Yes, Amerika with a “k”. That’s how we spelled it in Budapest after World War II, idolizing the United States, looking up to it as the shining hope for democracy world-wide.
I was eleven in 1945 and I chewed gum made in the US, given to me at our weekly get-together of the American-Hungarian Scout Troop where we listened to the Voice of America on the crystal radio set I had cobbled together and then donated to the troop. Unfortunately very precocious, far too mature for our age, formed (deformed?) in the crucible of incredible hardship during a year’s hell – war is hell, especially when you are ten years old, hungry, alone and in the midst of small-arms fire. We tried to forget (but not forgive) President Wilson (who stood by silently in 1920 at Trianon while the Allies gave away one third of Hungary to the opportunistic Rumanians after the First World War). Then The Prague Spring, McCarthy, and the Hungarian Revolution of 1956 happened and the Americans kept on promising, but never directly delivering.
And now this: an American President, a self-admitted woman-abuser, an alleged money-laundering tax cheat who denies climate change and does not admit that health care is a human right, and who managed to terrorize a weak, fawning “Republican” Party into elevating a misogynistic, drunken, biased liar to the United States Supreme Court, the only institution in the US that has more or less remained true to that country’s constitutional ideals of principles of law and equality for the people and by the people.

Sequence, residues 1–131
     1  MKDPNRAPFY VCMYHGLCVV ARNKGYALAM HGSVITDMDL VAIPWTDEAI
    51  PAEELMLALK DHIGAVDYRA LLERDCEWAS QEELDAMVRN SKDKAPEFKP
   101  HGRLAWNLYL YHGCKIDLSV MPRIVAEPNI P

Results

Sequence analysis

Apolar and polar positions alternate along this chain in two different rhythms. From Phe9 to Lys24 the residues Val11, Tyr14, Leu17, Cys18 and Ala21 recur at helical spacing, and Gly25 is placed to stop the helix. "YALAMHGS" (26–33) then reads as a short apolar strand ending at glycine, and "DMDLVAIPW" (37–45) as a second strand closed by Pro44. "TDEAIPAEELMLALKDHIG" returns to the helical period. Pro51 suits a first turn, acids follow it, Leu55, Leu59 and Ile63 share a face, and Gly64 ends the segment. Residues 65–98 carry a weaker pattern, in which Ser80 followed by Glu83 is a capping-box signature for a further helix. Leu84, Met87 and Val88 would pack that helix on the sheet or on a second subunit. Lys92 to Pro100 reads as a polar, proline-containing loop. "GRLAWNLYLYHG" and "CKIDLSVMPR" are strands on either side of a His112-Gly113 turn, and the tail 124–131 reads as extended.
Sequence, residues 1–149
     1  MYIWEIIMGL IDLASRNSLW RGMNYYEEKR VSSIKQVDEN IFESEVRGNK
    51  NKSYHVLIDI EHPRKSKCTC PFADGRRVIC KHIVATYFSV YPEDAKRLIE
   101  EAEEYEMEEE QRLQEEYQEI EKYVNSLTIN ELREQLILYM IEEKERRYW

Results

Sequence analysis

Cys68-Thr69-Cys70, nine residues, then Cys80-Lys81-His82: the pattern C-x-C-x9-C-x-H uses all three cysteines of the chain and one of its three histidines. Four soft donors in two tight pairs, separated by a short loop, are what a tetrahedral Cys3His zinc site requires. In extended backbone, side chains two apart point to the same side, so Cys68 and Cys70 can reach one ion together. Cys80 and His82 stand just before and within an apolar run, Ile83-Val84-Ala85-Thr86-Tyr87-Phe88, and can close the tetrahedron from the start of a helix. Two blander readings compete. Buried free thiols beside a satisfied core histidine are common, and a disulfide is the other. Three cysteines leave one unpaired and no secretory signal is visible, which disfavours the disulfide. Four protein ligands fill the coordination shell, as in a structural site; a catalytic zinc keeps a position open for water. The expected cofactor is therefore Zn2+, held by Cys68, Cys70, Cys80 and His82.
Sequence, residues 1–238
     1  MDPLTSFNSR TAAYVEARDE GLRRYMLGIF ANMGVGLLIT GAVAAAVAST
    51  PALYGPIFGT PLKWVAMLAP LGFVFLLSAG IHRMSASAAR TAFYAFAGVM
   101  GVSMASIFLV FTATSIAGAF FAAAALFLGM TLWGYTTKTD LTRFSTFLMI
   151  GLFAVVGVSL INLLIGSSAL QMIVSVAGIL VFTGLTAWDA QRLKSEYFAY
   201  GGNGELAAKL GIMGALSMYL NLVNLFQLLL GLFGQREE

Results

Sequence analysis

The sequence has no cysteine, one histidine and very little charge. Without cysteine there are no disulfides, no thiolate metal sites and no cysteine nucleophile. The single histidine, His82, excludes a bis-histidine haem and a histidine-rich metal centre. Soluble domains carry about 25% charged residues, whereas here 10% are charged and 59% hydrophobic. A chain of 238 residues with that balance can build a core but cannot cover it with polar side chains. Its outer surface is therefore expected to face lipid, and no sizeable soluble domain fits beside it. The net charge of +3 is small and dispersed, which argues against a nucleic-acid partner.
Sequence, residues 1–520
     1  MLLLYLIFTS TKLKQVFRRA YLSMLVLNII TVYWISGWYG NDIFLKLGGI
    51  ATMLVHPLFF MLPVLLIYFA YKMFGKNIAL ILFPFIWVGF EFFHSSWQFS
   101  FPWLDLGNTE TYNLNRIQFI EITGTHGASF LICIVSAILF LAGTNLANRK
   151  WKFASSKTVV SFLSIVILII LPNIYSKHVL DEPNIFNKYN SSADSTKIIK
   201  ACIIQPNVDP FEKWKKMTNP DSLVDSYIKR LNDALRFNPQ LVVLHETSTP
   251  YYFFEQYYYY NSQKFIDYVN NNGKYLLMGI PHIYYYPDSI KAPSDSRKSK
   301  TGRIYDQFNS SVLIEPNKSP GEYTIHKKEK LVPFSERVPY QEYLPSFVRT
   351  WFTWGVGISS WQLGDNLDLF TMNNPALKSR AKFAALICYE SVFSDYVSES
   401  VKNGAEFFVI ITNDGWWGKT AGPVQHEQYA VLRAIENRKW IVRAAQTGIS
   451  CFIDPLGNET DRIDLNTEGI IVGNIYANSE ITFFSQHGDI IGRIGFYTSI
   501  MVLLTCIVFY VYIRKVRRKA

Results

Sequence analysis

Because he wanted a Justice on the Court who favors the principle that Presidents in office should not be subject to legal action, no matter what.
Democracy is in retreat worldwide, as is justice. Look at Russia, China, Cuba and Venezuela, and what is now happening in Poland and Hungary specifically, and in the European Union generally.
Because social networks, instead of unifying, polarize by making it easy to promote tribalism through demagoguery.
And the weakening of democracy causes the rich to get richer and the poor poorer.
Winston Churchill said that an essentially two-part (government and opposition) parliamentary system, though not perfect, was as good for democracy as it could get. This is no longer the case.
What can be done?
The socio-economic imbalance needs to be corrected and this can only be done by the people – through turning out in great numbers and voting wisely.
“There is accumulation. There is responsibility. And beyond these, there is unrest. There is great unrest.”
Julian Barnes in The Sense of an Ending.